Over the years, I have taught several hundred students. Although, they are all important to me, there are special ones who stand out, and Abbie was one of these children. She is remarkable in that she had a life-threatening peanut allergy, and there were strict guidelines that had to be adhered to in order to insure her safety at school. However, as I think back, I do not remember the guidelines and protocols; I remember her genuine and ever-present smile. Since receiving this news, I have experiencing intense feelings that life is not fair, anger, and sadness. Being a teacher, I often approach situations through a lens of, “How would I explain this to a child?” I had no answer. All I had were questions: “What is the point,” “Why did such a sweet girl have to die,” “How do you continue to have faith when so many bad things happen?” It was as I was feeling myself slip into a despair where I would allow myself to indulge in the slippery slope of compiling all this year’s losses into a belief about life that it came to me, with incredible clarity, that I was asking the wrong questions. I should not be seeking the answer to why did Abbie have to die, but, instead, why did Abbie live? That question, I can answer.
To many this won’t be news, but to some it will be. I have anxiety, and I have suffered from depression. For many years, my general and anticipatory anxiety has caused me to suffer from tremendously painful tension headaches, which, up until recently, were misdiagnosed as migraines, sinus problems, food allergies, dehydration, etc. I also had frequent dizzy spells, which were misdiagnosed panic attacks. Because of this, I did not experience life to its fullest. I planned and prepared for the worse possible outcome, I catastrophized minor events, I personalized situations that caused me to feel hurt and rejection where none was intended, I isolated myself from people I love and experiences I wanted to have, I tried to control my every moment, I survived, I managed, I got through, but I did not live. I defined and confined myself and my life experiences based on my fears. Conversely, there is Abbie. Her allergy was so serious that she was literally living with a dagger over her head; death could always be around the next corner. By the time she reached my fourth grade classroom, she had been in an ambulance experiencing anaphylaxis on more than one occasion, so she knew the stakes. There were rules and protocols that had to be followed no matter how tired, or lazy, or child-like she was feeling at the moment. There were places she could not go, things she could not do, experiences she could not have, celebrations she could not participate in, and important moments where she had to stand on the sidelines. She was a child who always had to do without, who always watched others enjoy and indulge in things that she could not. She had every reason in the world to be resentful, angry, anxious, disappointed, frustrated, fearful, jealous, or spiteful, but she never was. She could have been manipulative or entitled, but she would never dream of it. Abbie was always happy, always lit the room with her smile, always volunteered to help, was always grateful for what she had and gracious about what she could not have, and Abbie was always ready to laugh. Abbie was not defined by her allergy. Because of this, she packed more unbridled joy, unparalleled friendship, unwavering courage, uninhibited enthusiasm, and unrestrained love into her short life than most people ever get to experience. She worked hard in school, played basketball, had great friends, and made those around her better.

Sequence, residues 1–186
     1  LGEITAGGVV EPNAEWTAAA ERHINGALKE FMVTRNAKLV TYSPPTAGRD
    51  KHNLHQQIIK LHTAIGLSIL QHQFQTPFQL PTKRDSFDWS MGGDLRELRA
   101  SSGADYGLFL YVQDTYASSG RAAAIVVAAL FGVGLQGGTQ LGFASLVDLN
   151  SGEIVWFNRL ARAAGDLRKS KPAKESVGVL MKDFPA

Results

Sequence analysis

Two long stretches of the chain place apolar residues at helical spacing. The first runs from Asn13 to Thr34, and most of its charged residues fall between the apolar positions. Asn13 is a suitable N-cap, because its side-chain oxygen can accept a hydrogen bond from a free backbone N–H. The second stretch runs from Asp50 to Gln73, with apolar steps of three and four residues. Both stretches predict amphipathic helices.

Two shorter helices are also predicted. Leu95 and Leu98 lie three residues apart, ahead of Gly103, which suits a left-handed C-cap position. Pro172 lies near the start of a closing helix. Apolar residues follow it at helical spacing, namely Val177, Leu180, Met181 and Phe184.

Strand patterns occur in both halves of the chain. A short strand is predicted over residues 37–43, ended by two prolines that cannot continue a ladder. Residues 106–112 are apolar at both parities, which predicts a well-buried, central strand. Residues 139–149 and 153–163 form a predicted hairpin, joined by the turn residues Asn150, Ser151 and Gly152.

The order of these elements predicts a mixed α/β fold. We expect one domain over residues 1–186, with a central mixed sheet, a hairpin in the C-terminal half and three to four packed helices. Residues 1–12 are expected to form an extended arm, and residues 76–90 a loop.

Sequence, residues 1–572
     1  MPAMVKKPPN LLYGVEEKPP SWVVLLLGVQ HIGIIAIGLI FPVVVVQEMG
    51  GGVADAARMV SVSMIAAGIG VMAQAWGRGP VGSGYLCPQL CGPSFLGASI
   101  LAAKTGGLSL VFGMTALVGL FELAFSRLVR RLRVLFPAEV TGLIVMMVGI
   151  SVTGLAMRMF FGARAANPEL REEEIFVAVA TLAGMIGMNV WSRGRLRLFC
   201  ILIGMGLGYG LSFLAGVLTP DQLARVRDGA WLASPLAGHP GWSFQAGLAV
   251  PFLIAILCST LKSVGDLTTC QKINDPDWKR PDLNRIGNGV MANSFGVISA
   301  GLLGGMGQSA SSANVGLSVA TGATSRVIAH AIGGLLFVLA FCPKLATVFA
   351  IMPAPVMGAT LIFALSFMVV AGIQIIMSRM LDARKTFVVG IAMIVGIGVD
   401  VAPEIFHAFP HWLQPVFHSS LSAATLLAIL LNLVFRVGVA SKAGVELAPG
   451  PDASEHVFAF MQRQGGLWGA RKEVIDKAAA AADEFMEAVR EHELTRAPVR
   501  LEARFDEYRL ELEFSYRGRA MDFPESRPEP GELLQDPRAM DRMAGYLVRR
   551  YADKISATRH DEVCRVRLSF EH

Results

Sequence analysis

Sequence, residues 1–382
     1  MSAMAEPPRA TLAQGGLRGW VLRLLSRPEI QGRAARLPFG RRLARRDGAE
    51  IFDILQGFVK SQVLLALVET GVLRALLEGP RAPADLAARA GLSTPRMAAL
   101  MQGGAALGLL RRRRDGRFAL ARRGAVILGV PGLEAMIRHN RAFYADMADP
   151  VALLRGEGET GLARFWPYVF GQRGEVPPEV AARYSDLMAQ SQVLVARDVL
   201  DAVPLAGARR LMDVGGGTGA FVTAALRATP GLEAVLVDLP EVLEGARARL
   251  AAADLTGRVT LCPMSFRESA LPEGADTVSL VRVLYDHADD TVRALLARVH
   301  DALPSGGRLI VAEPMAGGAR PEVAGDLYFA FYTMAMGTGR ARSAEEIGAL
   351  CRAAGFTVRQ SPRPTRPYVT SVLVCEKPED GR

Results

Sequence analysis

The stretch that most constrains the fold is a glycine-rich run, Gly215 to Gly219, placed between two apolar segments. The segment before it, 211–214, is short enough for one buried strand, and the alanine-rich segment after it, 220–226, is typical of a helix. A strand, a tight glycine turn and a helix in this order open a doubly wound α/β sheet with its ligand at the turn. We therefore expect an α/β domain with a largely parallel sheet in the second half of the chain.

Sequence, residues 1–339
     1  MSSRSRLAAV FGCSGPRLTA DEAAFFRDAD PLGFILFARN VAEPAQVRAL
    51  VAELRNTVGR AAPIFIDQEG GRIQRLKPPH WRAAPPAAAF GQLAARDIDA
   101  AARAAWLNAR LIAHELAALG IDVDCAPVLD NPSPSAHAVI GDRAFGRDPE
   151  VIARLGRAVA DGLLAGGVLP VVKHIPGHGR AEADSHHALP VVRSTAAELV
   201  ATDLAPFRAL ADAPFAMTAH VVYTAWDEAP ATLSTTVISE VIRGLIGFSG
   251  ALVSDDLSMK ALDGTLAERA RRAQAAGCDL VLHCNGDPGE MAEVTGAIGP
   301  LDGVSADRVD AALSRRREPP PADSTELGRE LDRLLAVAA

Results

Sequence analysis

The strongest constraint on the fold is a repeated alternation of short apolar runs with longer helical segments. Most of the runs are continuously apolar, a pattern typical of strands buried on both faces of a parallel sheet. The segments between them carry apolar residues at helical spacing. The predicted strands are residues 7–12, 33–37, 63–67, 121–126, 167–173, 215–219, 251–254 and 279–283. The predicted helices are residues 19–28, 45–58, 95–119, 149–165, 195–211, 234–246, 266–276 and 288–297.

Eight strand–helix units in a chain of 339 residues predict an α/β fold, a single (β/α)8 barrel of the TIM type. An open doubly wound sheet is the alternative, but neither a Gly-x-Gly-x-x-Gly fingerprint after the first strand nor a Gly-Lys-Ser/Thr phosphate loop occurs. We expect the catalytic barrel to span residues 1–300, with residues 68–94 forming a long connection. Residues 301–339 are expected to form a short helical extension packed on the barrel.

I have no words that could ease the immeasurable grief that her family must be experiencing as they face the reality that their greatest fear in life, the thing they worked so hard to prevent, has actually happened, as they shift their focus away from preparing for the holidays and towards preparing to bury their only daughter, as December 26th arrives and their princess will not be here to celebrate her sweet sixteen birthday. So instead, I ask all of you who take the time to read this to carry Abbie in your hearts and live like she did. As the New Year approaches, resolve to challenge negative thoughts with positive ones. Instead of dwelling on what you don’t have, be grateful for something that you do have. When you feel the tension of stress in your body, replace it with a smile, a hug, or some laughter. In place of frustration, try to feel empathy. Instead of worrying about your weight, be grateful that you have food you can eat. Instead of obsessing about money, your appearance, or status, be grateful for your health. Find things that you love and do them; don’t put them off. Spend time with the people you love. Stop trying to please others, and please yourself. Don’t wait for perfect; it will never come. Be kind to yourself and everyone you come in contact with. If you have fears or worries, face them, not to be reckless, but because life is meant to be lived. As you make this shift and you start to feel more positive, send a silent thank you to Abbie, a little girl who’s greatest strength was not being afraid to live the life she was given.
I was Abbie’s teacher, and she is mine.